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Dear Abby: I am considered to be a quite attractive — easily a nine or a 10 — professional dancer here in Las Vegas. I recently met a guy who has literally met almost all my dream qualities for a life partner, husband and father of my future children.

The problem is, I’m not attracted to him. He’s not ugly; he has symmetrical features, straight teeth, nice skin and is in pretty good shape, if a little on the skinny side. I have always dated muscular, very fit men who get me excited at the sight of them, and I’m wondering if there’s something wrong with me, because after nine months, I’m still struggling with his looks.

I feel like there is no sexual chemistry. But we have another kind of chemistry because we get along great, and he motivates me to be a better person.

Am I shallow or is the lack of sexual chemistry a sign that maintaining a successful long-term relationship won’t happen?

Miss Picky in Las Vegas

Dear Miss Picky: I’m not going to call you shallow. Whether lack of sexual chemistry is a deal-breaker for you depends upon how important sex is to you. From what you have told me, looks are a primary factor in what draws you to men. (It would be interesting to know how long the relationships you described lasted.)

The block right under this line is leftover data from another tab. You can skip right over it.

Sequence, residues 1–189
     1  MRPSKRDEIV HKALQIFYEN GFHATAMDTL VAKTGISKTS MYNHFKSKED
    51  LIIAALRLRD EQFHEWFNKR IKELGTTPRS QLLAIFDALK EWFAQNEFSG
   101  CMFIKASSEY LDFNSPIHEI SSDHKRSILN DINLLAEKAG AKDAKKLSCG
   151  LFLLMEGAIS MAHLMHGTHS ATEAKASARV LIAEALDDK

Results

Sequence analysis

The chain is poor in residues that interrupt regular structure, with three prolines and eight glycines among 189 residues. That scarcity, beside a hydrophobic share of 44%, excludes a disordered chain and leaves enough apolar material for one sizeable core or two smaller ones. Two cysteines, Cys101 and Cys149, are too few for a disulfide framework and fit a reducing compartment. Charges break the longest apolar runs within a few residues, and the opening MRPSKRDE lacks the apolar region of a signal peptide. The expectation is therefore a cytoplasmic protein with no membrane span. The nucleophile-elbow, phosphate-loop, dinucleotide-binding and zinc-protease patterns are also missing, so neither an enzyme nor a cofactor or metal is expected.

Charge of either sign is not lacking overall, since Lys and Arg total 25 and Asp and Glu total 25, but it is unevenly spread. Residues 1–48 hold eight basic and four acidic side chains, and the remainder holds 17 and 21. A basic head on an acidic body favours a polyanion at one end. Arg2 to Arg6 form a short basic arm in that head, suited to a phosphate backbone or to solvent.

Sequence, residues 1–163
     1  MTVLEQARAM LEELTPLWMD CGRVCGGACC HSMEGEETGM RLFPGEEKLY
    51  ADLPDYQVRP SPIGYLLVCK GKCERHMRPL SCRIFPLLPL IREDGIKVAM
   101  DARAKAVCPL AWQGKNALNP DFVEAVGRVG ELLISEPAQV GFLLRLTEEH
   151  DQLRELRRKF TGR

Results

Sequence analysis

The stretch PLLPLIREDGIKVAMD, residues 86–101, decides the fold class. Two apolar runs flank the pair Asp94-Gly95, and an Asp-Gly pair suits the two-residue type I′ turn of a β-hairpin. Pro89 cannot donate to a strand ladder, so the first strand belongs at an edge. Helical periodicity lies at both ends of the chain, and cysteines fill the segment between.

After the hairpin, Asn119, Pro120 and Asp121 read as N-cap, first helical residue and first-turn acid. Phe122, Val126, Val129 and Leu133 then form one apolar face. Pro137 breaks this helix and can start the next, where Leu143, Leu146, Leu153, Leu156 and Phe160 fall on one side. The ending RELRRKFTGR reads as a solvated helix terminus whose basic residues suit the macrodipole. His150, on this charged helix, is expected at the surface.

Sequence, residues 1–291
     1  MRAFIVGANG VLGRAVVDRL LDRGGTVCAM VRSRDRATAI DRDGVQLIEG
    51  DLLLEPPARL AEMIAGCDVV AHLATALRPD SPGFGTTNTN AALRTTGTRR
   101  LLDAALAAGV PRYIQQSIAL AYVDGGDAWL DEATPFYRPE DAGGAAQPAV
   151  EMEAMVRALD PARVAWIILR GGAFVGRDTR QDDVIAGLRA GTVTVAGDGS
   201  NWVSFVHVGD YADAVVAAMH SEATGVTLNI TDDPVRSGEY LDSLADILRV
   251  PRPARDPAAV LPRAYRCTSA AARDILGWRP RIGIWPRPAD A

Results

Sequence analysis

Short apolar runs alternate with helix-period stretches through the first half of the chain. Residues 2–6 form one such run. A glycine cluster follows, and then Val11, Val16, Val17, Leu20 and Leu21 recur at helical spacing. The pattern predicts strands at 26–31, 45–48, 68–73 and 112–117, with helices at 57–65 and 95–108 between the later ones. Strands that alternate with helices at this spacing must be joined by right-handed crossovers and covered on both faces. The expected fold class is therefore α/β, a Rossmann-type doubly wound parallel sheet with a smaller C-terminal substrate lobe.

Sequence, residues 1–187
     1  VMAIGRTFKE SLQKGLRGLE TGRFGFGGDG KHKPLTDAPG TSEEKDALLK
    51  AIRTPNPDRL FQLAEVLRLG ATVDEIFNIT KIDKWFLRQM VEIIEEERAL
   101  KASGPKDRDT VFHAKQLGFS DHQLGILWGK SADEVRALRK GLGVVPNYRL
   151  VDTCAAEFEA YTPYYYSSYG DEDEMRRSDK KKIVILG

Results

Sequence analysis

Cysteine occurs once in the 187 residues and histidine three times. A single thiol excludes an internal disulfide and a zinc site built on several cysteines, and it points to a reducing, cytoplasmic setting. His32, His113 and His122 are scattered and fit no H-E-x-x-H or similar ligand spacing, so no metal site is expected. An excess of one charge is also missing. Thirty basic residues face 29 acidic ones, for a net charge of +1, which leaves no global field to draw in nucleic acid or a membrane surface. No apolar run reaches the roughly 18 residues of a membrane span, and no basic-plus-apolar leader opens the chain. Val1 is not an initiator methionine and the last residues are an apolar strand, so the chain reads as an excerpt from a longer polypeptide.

Bear in mind that men who are Adonises can lose their looks if they don’t consistently work at it — just as women do. Much as we might wish it, looks don’t always last forever. That’s why, if you’re looking for a long-term relationship, it’s extremely important to take into consideration qualities that will last.

Dear Abby: My mother has vascular dementia and breast cancer. In accordance with her living will and many conversations we had before the dementia began, we (Mom, my sisters and I) decided to forgo treatment. She, at 67 has been widowed for 17 years and she watched her husband — our dad — die from cancer. She lives in an excellent health care facility that will provide her with palliative care when the time is right.

My question is, how do we inform people (family and friends) of her diagnosis and of our treatment plan? How do we tell people who have an opinion on what we “should” do that, while we appreciate their concern, this is her decision, without hurting their feelings and our relationships?

Family With a Dilemma

Dear Dilemma: How do these unwanted advice givers know that you do not plan to subject your mother to treatments that would only prolong her decline? If you solicited their opinion, you made a mistake. If you didn’t, then your letter’s last sentence — if said kindly — is an appropriate way to phrase the message. To ignore your mom’s wishes is a betrayal of her trust.

Contact Dear Abby at DearAbby.com or P.O. Box 69440, Los Angeles, CA 90069.

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